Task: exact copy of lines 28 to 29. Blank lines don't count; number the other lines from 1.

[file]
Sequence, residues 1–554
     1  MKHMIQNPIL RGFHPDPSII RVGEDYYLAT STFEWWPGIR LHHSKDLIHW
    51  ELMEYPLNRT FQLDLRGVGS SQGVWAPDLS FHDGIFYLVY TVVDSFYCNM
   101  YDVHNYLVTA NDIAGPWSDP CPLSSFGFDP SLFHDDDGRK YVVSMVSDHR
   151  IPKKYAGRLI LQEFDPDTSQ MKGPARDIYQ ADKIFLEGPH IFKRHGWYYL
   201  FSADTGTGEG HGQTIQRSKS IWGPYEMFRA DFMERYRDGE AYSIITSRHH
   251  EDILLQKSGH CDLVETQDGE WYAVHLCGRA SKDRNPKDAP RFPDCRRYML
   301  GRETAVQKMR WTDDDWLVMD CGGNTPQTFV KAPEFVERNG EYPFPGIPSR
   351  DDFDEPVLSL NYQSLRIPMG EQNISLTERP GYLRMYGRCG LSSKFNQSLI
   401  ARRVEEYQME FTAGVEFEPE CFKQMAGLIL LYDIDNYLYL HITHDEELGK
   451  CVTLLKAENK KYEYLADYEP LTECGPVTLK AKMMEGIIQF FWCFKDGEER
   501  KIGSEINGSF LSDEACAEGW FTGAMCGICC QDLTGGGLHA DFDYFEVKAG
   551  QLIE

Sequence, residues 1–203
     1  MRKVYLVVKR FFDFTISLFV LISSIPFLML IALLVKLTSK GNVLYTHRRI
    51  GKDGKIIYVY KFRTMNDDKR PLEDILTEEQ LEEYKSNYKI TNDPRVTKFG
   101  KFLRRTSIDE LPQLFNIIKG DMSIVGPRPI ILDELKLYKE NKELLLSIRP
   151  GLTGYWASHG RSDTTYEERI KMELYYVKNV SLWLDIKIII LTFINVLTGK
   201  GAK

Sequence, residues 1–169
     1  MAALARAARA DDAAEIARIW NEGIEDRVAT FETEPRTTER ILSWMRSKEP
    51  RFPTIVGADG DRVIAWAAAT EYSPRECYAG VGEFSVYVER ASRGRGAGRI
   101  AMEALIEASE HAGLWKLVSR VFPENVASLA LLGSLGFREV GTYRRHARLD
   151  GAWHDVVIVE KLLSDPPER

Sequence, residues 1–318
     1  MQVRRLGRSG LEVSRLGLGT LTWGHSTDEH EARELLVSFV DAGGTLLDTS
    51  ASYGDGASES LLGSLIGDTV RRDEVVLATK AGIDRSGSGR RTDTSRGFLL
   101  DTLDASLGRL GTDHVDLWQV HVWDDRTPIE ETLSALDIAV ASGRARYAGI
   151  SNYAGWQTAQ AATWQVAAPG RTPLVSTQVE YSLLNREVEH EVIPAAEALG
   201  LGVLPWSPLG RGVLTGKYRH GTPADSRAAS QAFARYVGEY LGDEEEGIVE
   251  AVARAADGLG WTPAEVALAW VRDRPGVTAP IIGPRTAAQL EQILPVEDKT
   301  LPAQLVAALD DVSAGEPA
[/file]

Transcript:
   101  DTLDASLGRL GTDHVDLWQV HVWDDRTPIE ETLSALDIAV ASGRARYAGI
   151  SNYAGWQTAQ AATWQVAAPG RTPLVSTQVE YSLLNREVEH EVIPAAEALG